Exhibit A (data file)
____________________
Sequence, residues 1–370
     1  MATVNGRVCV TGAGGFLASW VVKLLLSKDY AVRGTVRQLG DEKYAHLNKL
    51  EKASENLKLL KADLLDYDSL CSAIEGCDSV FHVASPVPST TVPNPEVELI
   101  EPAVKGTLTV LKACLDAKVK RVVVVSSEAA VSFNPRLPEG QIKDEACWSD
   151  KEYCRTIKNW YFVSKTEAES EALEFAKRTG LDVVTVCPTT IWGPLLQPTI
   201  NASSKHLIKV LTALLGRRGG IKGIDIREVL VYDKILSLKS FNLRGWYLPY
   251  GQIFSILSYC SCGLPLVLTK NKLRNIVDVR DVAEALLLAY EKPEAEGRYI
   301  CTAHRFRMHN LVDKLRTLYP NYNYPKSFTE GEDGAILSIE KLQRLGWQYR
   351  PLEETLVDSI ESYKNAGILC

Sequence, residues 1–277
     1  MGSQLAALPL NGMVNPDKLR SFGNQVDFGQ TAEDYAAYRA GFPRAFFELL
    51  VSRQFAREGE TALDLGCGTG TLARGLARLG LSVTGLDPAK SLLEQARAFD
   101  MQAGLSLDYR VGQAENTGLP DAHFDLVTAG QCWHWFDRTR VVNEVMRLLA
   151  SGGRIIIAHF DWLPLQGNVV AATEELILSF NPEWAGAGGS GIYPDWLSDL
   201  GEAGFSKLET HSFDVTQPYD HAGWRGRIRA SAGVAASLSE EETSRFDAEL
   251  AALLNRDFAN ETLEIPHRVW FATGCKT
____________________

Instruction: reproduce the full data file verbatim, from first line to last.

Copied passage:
Sequence, residues 1–370
     1  MATVNGRVCV TGAGGFLASW VVKLLLSKDY AVRGTVRQLG DEKYAHLNKL
    51  EKASENLKLL KADLLDYDSL CSAIEGCDSV FHVASPVPST TVPNPEVELI
   101  EPAVKGTLTV LKACLDAKVK RVVVVSSEAA VSFNPRLPEG QIKDEACWSD
   151  KEYCRTIKNW YFVSKTEAES EALEFAKRTG LDVVTVCPTT IWGPLLQPTI
   201  NASSKHLIKV LTALLGRRGG IKGIDIREVL VYDKILSLKS FNLRGWYLPY
   251  GQIFSILSYC SCGLPLVLTK NKLRNIVDVR DVAEALLLAY EKPEAEGRYI
   301  CTAHRFRMHN LVDKLRTLYP NYNYPKSFTE GEDGAILSIE KLQRLGWQYR
   351  PLEETLVDSI ESYKNAGILC

Sequence, residues 1–277
     1  MGSQLAALPL NGMVNPDKLR SFGNQVDFGQ TAEDYAAYRA GFPRAFFELL
    51  VSRQFAREGE TALDLGCGTG TLARGLARLG LSVTGLDPAK SLLEQARAFD
   101  MQAGLSLDYR VGQAENTGLP DAHFDLVTAG QCWHWFDRTR VVNEVMRLLA
   151  SGGRIIIAHF DWLPLQGNVV AATEELILSF NPEWAGAGGS GIYPDWLSDL
   201  GEAGFSKLET HSFDVTQPYD HAGWRGRIRA SAGVAASLSE EETSRFDAEL
   251  AALLNRDFAN ETLEIPHRVW FATGCKT